Water resource management crucial to regional economic development – ECOWAS

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The Economic Community of African States (ECOWAS) has said that collaborative efforts of member states towards an integrated water resource management (IWRM) is crucial to sustainable regional socio-economic development.

ECOWAS Commissioner for Infrastructure, Energy and Digitalisation, Sediko Douka, made this known at the 5th Ordinary Session of the Ministerial Monitoring Committee (MMC) of the Integrated Water Resources Management (IWRM) in West Africa on Friday in Abuja.

Douka, noted that water-related problems were detrimental to the economic and social development of the West African countries, said that there was urgent need to move to new forms of water management.

This, he said, was already contained in the recommendations of the United Nations Conference on Environment and Sustainable Development (UNCED) held in Rio de Janeiro, Brazil, in June 1992.

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The Commissioner said that, since 1998, ECOWAS member states had been fully committed to the IWRM process, which culminated in the adoption of a regional action plan in 2000 and a permanent coordination and monitoring framework (PCMF).

“This commitment to sub-regional cooperation stems from a shared political vision by all member states, as expressed in the “Ouagadougou Declaration” of 1998.

“These broad lines have successfully guided our efforts in integrated water resources management for almost three decades now,” he said.

Douka explained that the Abuja event aimed to revitalise the PCMF of IWRM and assess the implementation status of the West Africa Water Resources Policy (WAWRP) adopted in December 2008 by ECOWAS leaders.

“The WAWRP represents a unique experience in the development of a common sectoral policy for West African regional integration organisations (ECOWAS-WAEMU-CILSS).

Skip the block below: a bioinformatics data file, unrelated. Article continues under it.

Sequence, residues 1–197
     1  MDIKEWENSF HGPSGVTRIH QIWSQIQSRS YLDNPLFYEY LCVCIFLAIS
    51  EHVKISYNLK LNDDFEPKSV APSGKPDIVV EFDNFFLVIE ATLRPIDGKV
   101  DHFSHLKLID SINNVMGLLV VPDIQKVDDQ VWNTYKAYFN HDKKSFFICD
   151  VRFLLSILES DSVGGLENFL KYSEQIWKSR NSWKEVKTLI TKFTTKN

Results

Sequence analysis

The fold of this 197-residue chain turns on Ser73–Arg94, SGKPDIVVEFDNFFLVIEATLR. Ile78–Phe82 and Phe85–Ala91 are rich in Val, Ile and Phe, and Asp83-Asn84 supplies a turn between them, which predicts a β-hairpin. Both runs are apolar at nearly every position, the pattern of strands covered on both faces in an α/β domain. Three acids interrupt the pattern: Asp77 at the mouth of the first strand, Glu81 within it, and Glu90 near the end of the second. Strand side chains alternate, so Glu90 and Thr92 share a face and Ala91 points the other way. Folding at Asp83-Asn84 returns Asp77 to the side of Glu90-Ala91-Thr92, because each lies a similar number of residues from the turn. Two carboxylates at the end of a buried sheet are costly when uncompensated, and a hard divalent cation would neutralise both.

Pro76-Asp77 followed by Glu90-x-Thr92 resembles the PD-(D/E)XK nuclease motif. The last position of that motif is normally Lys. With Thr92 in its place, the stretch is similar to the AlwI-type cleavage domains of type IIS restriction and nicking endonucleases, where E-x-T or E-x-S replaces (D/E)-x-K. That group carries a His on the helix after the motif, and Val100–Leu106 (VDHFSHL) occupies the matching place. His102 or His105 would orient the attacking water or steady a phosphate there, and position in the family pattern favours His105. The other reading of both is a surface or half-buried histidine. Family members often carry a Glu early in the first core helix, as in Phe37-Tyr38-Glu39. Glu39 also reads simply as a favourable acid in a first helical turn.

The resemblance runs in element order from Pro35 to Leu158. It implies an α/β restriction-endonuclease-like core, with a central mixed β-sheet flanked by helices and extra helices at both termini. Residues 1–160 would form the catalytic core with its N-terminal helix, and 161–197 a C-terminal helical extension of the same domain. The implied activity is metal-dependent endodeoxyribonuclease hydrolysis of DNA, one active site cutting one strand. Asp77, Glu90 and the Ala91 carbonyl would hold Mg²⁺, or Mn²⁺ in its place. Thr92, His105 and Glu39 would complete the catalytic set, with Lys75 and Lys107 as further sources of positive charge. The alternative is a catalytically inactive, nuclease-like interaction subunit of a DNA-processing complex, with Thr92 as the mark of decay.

“The meeting agenda will address issues of crucial importance for the promotion of IWRM and sustainable development in West Africa.

He described ECOWAS’ Regional Initiative for the Development, Resilience, and Valorisation of Water Resources (DREVE), as an ambitious structuring and innovative programme that is supported by the World Bank and other West African integration organisations.

Douka expressed confidence that its implementation would positively change the profile of the ECOWAS bloc in terms of sustainable development.

Also speaking, Nigeria’s Minister of Water Resources and Sanitation, Prof. Joseph Utsev, said that West Africa’s abundant water resources were the potential cornerstone for development.

He said that the water resources would impact positively on health, education, tourism, food security and energy, if properly harnessed and coordinated.

The minister said that by working together, ECOWAS member states could address challenges like climate change, poverty, unemployment and inequality. (NAN)

By Mark Longyen

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